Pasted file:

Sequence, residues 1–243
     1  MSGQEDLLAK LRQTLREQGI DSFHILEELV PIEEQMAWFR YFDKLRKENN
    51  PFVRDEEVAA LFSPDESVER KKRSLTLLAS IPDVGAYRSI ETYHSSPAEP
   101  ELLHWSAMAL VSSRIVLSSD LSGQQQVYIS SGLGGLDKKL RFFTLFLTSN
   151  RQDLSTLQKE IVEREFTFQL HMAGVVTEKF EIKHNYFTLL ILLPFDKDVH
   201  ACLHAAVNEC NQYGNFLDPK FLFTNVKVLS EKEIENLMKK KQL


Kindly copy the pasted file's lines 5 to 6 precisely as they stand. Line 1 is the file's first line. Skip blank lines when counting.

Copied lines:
   151  RQDLSTLQKE IVEREFTFQL HMAGVVTEKF EIKHNYFTLL ILLPFDKDVH
   201  ACLHAAVNEC NQYGNFLDPK FLFTNVKVLS EKEIENLMKK KQL